4) What is the total number of atoms in 0.260 mol of glucose, C6H12O6?
Percent composition and empirical formulas
5) Calculate the percentage composition by mass of each element in the following
a. a. NaH2PO4
b. b. NH4H2PO4
c. c. (CH3)2CO
6) Quantitative analysis of a sample of sodium pertechnetate with a mass of 0.896g found
0.111g Na and 0.477g technetium (Tc). The remainder was oxygen. Calculate the
empirical formula of sodium pertechnetate, NaxTcyOz.
7) A substance was found to be composed of 22.9% Na, 21.5% B, and 55.7% O. What is the
empirical formula of this compound?
8) When 0.684 g of an organic compound containing only C, H, and O was burned in
oxygen 1.312g CO2 and 0.805g H2O were obtained. What is the empirical formula of the
9) Balance the following reactions:
a. a. Ca(OH)2 + HCl CaCl2 + H2O
b. b. AgNO3 + CaCl2 Ca(NO3)2 +AgCl
c. c. Fe2O3 + C Fe + CO3
d. d. NaHCO3 + H2SO4 Na2SO4 + H2O + CO2
e. e. C4H10 + O2 CO2 +H2O
f. f. Mg(OH)2 + HBr MgBr2 + H2O
g. g. Al2O3 + H2SO4 Al2(SO4)3 + H2O
h. h. KHCO3 + H3PO4 K2HPO4 + H2O + CO2
i. i. C9H10O + O2 CO2 + H2O
10) Chlorine is used by textile manufacturers to bleach cloth. Excess chlorine is destroyed
by its reaction with sodium thiosulfate, Na2S2O3:
Na2S2O3(aq) + 4Cl2(g) + 5H2O(aq) 2NaHSO4(aq) + 8HCl(aq)
a. a. How many moles of Na2S2O3 are needed to react with 0.12mol of Cl2?
b. b. How many moles of HCl can form from 0.12mol of Cl2?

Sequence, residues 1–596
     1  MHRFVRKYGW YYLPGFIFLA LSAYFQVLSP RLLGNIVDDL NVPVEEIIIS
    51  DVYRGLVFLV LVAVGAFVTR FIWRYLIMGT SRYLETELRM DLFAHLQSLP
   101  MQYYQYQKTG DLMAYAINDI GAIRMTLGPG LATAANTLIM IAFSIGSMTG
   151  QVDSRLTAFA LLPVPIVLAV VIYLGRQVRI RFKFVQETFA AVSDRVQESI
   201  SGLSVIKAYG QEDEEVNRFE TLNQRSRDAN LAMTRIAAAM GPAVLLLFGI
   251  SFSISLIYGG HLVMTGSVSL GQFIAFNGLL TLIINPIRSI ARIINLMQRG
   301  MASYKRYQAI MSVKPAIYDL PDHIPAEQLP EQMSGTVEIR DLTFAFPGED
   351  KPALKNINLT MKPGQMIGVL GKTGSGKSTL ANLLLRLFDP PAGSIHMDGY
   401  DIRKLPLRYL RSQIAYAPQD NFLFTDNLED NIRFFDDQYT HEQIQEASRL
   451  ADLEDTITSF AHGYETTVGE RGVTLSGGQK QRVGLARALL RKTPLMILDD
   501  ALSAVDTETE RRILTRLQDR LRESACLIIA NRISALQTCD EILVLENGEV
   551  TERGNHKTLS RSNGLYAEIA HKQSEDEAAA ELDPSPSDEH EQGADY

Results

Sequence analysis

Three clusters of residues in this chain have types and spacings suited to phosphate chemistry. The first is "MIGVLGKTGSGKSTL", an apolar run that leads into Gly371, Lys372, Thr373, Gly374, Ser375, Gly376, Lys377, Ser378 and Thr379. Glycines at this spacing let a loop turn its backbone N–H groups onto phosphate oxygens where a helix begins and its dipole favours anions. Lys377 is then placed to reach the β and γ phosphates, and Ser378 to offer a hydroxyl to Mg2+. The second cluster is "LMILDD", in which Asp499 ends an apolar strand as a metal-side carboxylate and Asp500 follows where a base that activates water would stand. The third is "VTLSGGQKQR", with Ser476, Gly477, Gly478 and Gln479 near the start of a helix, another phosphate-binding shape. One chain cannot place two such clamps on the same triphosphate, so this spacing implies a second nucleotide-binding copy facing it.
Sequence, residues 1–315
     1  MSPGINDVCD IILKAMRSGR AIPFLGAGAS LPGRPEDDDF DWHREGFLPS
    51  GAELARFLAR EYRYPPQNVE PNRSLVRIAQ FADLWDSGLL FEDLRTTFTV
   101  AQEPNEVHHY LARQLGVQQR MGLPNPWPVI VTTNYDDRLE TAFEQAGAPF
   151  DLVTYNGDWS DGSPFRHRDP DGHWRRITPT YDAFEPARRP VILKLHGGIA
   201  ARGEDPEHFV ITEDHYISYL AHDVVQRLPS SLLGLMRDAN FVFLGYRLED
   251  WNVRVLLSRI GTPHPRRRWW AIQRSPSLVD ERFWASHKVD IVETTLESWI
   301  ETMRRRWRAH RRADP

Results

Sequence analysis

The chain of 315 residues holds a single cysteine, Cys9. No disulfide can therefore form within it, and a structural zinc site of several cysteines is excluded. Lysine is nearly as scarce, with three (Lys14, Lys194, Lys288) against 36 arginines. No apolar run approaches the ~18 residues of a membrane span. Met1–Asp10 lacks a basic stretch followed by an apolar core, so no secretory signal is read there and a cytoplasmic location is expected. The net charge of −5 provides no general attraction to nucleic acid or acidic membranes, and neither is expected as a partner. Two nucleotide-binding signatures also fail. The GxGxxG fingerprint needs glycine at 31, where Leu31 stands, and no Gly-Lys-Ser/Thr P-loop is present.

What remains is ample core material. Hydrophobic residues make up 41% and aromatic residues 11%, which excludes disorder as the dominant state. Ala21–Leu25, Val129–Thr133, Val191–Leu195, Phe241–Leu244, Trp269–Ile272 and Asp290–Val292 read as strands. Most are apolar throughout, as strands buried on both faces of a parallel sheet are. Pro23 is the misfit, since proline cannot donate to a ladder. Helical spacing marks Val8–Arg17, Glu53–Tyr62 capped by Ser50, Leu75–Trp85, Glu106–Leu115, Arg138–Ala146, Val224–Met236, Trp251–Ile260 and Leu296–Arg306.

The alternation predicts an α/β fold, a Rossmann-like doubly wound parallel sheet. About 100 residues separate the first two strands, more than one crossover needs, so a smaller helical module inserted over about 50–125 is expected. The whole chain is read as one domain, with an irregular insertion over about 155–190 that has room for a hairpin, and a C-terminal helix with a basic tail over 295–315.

c. c. How many moles of H2O are required for the reaction of 0.12mol of Cl2?
d. d. How many moles of H2O react if 0.24mol HCl is formed?
11) The incandescent white of a fireworks display is caused by the reaction of phosphorous
with O2 to give P4O10.
a. a. Write the balanced chemical equation for the reaction.
b. b. How many grams of O2 are needed to combine with 6.85g of P?
c. c. How many grams of P4O10 can be made from 8.00g of O2?
d. d. How many grams of P are needed to make 7.46g P4O10?
12) In dilute nitric acid, HNO3, copper metal dissolves according to the following equation:
3Cu(s) + 8HNO3(aq) 3Cu(NO3)2(aq) + 2NO(g) + 4H2O(aq)
How many grams of HNO3 are needed to dissolve 11.45g of Cu?
13) The reaction of powdered aluminum and iron(II)oxide,
2Al(s) + Fe2O3(s) Al2O3(s) + 2Fe(l)
produces so much heat the iron that forms is molten. Because of this, railroads use the
reaction to provide molten steel to weld steel rails together when laying track. Suppose
that in one batch of reactants 4.20mol Al was mixed with 1.75mol Fe2O3.
a. a. Which reactant, if either, was the limiting reactant?